Grip is something that many people don’t seem to like to mess with. They see a bar, they grab the bar, and they start their lift. Most people want their grip and hand position to be as familiar, reliable, and uncomplicated as their daily bowel movement. Any deviation, to either, makes them feel anxious and totally ruins the rest of their day.
The funny thing is, that by altering your grip even slightly, you can make different muscles fire and different fibers within those muscles fire more than you were with your previous grip. Plus, a new hand position means the weight is in a new position, which can alter the leverage being used.
Grasp a dumbbell in the dead center of the handle and the weights are equally distributed on both sides of the hand, requiring little stability from the forearm muscles. But shift your hand position either to the very top, with the thumb against the weights, or to the very bottom, with the pinky against the weights, and you’ve adjusted the dumbbell’s balance and altered the activity of the forearm muscles.
You have even more options with a barbell:
These are all basic and effective variations. In addition, you can change grip width on the barbell from narrow or very narrow to wide or super-wide like a snatch, or even try an off-center grip with one hand slightly closer to the weights than the other.
2. Base of Support
When, or if, a police officer asks you to walk on the white line heel-to-toe, he’s not just being a jerk by pointing out your embarrassing lack of coordination and even more embarrassing propensity to tip a few before heading home. He’s also giving you an easy way to make your workouts different.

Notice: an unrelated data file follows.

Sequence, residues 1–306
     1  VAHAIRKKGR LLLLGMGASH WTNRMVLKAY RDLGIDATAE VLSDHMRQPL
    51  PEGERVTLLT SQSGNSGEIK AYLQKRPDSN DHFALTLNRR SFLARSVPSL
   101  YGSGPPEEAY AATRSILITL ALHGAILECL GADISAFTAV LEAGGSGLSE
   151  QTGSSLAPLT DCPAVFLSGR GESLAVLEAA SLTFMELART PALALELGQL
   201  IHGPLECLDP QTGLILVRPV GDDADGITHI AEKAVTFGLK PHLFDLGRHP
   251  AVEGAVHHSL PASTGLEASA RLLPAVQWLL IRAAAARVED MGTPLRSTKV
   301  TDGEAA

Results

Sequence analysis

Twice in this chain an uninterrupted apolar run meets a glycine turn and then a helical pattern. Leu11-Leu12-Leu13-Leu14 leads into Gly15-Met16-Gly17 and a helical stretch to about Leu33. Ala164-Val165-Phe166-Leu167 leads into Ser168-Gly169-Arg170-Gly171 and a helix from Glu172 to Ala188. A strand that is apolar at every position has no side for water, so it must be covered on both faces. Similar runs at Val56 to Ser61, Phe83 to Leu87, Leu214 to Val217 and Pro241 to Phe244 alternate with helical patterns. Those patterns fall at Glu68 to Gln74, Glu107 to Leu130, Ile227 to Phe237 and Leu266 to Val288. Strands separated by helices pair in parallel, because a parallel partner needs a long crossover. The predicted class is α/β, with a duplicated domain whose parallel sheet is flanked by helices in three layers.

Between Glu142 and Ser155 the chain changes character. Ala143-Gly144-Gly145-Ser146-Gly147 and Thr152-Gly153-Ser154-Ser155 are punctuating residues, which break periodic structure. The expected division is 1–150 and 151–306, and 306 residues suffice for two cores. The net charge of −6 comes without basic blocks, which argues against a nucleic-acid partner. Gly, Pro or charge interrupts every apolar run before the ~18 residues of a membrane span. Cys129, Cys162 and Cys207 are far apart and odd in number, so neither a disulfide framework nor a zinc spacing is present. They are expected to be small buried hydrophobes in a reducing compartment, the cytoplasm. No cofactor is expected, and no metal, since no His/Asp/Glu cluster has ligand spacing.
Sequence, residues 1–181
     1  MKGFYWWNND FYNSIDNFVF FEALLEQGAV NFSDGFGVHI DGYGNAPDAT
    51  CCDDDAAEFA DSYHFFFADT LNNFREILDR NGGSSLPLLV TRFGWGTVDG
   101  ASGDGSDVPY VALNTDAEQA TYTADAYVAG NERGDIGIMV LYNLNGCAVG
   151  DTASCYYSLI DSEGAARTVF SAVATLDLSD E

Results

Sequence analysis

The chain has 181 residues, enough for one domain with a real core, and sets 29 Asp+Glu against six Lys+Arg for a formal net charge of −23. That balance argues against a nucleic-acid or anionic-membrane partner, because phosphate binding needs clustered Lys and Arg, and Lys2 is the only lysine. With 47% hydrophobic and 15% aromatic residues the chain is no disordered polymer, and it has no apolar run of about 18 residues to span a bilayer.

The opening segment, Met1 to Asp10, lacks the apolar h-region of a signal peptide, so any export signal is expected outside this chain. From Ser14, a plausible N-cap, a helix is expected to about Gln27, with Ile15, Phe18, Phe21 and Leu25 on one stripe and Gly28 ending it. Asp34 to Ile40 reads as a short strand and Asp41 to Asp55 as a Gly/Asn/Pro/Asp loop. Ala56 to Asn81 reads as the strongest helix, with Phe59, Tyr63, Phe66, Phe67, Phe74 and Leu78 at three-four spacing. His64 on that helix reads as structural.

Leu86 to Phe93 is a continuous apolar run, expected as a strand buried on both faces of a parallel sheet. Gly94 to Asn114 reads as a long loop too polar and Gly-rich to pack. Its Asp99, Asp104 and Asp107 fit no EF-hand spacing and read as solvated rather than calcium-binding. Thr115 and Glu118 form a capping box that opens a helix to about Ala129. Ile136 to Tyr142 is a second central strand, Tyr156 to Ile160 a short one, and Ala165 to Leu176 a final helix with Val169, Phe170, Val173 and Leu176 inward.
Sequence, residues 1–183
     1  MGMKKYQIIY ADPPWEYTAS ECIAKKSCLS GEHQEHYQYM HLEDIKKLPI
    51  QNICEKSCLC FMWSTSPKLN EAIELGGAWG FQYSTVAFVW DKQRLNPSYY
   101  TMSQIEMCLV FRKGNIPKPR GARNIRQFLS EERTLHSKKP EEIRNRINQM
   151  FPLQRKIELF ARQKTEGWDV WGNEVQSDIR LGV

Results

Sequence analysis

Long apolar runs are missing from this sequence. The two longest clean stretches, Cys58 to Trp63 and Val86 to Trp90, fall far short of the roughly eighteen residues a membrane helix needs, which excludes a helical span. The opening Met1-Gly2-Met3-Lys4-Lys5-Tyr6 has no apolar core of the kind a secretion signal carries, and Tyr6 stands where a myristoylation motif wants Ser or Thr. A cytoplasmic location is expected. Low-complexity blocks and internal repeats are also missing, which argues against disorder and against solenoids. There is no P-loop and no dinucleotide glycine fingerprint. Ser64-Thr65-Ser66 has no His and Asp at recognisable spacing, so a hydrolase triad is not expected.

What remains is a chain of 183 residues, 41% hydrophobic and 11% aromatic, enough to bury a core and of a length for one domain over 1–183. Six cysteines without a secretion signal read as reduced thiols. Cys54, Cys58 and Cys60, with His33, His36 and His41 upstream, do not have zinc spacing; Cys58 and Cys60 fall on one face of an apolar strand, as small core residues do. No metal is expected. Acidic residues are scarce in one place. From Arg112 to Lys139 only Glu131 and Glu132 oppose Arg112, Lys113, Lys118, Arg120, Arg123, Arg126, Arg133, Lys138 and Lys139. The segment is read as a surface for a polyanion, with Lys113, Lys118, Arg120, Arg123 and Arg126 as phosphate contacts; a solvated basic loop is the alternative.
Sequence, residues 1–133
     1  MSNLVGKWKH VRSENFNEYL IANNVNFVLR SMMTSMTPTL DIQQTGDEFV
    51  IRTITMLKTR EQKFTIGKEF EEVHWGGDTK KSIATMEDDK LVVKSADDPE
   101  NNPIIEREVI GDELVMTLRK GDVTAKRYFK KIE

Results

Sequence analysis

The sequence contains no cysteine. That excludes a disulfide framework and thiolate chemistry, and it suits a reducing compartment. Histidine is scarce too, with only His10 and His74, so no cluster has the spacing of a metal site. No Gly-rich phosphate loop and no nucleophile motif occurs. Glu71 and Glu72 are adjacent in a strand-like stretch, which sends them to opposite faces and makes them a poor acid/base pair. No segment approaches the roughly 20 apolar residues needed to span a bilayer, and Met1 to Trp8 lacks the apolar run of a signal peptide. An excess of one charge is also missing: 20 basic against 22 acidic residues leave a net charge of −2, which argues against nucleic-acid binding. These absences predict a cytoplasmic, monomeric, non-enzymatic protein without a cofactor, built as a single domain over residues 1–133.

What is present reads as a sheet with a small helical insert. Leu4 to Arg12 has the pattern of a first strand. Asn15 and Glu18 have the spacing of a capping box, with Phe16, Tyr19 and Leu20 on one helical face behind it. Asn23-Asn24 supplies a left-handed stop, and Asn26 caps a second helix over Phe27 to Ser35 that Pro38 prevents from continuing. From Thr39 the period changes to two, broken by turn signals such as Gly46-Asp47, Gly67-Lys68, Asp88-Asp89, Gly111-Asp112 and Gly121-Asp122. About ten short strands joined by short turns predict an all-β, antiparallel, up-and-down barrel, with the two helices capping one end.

The base of support can be best described as the square area that makes up the distance between both feet and the distance from the point of one toe to the heel of the other. The bigger your base is, the more stable you are and the more weight you can successfully manipulate.
A square stance, as used in squat patterns, can work the hips more when in a wide stance and with feet slightly externally rotated. When the squat stance is narrower, it requires more work from the ankles and more flexibility through the hips and thoracic spine.
Balance becomes a challenge when you move from a square stance to a narrow split stance, as in most lunge movements, and it becomes even more challenging when you go to a closer heel-to-toe position.
One of the most difficult progressions would be to perform single-leg exercises (single-leg squats or one-leg deadlifts) since you’ll obviously have only one foot to provide the base of support. For upper body work, consider the multiple foot positions available for a push-up – feet close together, wide, staggered, or even changing your foot position during the exercise.
3. Speed of Movement